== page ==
SAN ANTONIO – A deputy with the Bexar County Precinct 2 Constable’s Office testified Monday that he worked security at Rodriguez Park between eight and ten times while serving in a reserve capacity, and was not compensated.
The revelation came during day five of indicted ex-constable Michelle Barrientes Vela’s public corruption trial.
The testimony of Deputy Kelvin O’neil, who worked as a reserve for Precinct 2 in 2018 before being hired full time, was the first time jurors heard allegations of wrongdoing against Barrientes Vela on top of what she’s been criminally indicted for: allegations that she tampered with security payment logs for the West Side park and then handed over false records to law enforcement in the summer of 2019.
Barrientes Vela’s defense attorneys attempted to downplay O’neil’s testimony Monday, pointing out that he was already a full-time deputy for Precinct 2 by November 2018 and only served in a reserve capacity for several months.
Defense attorney Jason Goss also got O’neil to concede on the stand that he was never formally interviewed by the case’s lead investigator, Texas Ranger Bradley Freeman.
O’neil instead provided information to prosecutor Dawn McCraw, who worked with Freeman as an investigator on this case, his testimony revealed.
Outside the presence of the jury, prosecutors told the court that the District Attorney’s Office could have charged Barrientes Vela with a list of other misdemeanors, but opted to go with the most serious charges.
Aside from two felony counts of tampering with evidence, Barrientes Vela faces three counts of official oppression.
Prosecutors last year dismissed the most serious criminal charge against Barrientes Vela: aggravated perjury.
“We didn’t want to load her up with misdemeanors,” prosecutor Dawn McCraw said.
The Texas Occupations Code, specifically the Private Security Act, severely limits the kind of work reserve deputies can perform.
Prosecutors asserted that Barrientes Vela’s use of reserve deputies to provide security at the park was a violation of state law, a Class A misdemeanor, and hinted that gathering money for security and then not paying it out to deputies was motive for falsifying security records from the park.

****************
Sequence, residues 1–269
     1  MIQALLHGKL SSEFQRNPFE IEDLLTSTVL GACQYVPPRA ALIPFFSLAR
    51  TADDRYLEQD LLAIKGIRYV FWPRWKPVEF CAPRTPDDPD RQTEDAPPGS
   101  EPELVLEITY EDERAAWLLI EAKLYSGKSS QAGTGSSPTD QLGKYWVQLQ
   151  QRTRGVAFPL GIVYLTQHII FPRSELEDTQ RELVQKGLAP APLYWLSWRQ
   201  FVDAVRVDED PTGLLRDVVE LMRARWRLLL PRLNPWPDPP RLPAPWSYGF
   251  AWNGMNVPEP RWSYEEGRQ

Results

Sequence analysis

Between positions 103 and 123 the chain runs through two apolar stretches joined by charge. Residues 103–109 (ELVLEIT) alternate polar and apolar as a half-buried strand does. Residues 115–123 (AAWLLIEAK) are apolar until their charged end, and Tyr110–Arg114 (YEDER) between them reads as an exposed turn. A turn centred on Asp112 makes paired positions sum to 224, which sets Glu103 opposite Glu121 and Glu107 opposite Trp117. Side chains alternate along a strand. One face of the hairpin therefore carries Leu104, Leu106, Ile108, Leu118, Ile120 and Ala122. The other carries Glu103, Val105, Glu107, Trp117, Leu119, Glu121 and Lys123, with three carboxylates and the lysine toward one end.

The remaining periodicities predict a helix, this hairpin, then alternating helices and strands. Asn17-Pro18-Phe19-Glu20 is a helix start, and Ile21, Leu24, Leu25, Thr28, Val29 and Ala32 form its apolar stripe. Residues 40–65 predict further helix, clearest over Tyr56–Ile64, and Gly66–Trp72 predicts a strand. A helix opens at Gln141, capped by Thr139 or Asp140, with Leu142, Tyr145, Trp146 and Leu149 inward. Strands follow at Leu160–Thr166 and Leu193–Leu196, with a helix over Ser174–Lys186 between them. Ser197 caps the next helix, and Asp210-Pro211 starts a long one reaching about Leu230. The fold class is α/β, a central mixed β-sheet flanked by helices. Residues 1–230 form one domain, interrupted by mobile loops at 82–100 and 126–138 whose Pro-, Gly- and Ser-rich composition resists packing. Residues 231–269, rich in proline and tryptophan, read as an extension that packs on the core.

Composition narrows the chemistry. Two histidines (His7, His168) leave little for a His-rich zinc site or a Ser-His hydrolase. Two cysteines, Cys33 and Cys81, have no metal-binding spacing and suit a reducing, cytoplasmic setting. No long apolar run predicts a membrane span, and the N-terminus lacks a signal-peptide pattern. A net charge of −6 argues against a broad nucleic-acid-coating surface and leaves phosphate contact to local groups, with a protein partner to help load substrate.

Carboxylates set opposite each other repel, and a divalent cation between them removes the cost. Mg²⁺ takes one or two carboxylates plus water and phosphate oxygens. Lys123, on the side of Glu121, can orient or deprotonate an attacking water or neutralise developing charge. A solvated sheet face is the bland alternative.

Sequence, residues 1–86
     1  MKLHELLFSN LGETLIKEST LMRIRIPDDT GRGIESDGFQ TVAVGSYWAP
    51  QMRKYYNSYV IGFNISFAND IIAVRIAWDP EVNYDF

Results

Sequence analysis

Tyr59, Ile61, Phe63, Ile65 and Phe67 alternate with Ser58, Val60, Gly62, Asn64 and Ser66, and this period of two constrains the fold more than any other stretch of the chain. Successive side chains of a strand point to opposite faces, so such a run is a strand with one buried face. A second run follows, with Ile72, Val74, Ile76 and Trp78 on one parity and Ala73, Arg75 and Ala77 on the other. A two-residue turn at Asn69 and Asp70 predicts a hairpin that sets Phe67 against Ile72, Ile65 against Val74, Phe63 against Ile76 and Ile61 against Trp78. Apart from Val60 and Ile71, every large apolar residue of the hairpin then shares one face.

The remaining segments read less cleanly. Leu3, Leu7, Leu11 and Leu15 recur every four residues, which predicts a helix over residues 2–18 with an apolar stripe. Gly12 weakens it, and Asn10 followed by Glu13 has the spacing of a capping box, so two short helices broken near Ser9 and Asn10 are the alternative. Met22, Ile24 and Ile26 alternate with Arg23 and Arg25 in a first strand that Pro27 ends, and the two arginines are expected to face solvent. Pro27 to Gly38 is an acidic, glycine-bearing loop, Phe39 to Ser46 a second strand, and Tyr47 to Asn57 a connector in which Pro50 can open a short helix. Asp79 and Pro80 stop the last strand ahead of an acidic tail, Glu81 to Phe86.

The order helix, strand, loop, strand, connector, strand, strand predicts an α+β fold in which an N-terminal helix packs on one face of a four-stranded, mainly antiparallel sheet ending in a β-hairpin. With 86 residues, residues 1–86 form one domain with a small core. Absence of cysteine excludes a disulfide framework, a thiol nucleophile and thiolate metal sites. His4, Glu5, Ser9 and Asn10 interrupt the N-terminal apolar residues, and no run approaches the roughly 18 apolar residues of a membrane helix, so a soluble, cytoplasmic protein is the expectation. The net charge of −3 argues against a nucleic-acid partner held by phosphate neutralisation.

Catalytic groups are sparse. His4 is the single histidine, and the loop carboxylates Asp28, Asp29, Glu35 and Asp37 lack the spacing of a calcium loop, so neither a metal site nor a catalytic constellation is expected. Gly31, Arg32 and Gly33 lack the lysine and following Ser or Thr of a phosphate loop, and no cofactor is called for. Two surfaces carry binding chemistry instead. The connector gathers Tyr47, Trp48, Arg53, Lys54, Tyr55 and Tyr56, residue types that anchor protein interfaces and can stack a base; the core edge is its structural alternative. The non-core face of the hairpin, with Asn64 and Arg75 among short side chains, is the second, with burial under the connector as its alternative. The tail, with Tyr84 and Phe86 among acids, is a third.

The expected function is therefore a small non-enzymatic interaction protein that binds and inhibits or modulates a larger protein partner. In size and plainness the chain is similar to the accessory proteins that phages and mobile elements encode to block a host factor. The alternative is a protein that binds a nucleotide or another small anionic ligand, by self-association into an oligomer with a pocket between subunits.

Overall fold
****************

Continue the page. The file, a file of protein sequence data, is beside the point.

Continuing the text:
Again, however, these discussions took place without the jury present.
A trial mired by interruptions late last week moved at a faster pace Monday.
The prosecution got through a flurry of witnesses, including an assistant district attorney who spoke about how a grand jury summons works and the county’s human resources director, who testified that reserve deputies are not county employees.
The day began with additional testimony from former Precinct 2 clerk Susan Tristan, who was appearing on the witness stand for the third straight day of trial.
She testified that she quit her position with Precinct 2 a day after the offices were raided and then moved to Seattle, where she does similar work for the county there.
Ranger Freeman on Monday afternoon took the stand for the second time.
He testified about how the criminal case came together, but like other witnesses, was required to keep his testimony to the tampering charges and could not touch on civil or additional criminal allegations against the former constable.
Freeman was able to testify in front of the jury that Rodriguez Park security records provided by Barrientes Vela had additional entries than those handed over by Tristan.
Freeman confirmed Tristan was a “confidential informant.”
He detailed Tristan carrying an undercover FBI recording device during several days of work and noted that the informant was required to keep it on her at all times during the day.
Former Precinct 2 Captain Marc Garcia, who was formally charged alongside Barrientes Vela in January 2020, made a brief court appearance Monday.
His trial for aggravated perjury is tentatively scheduled to begin in late November.
The jury in the Barrientes Vela case was released for the day around 4:30 p.m. Monday.
The trial is scheduled to resume around 10:30 a.m. Tuesday.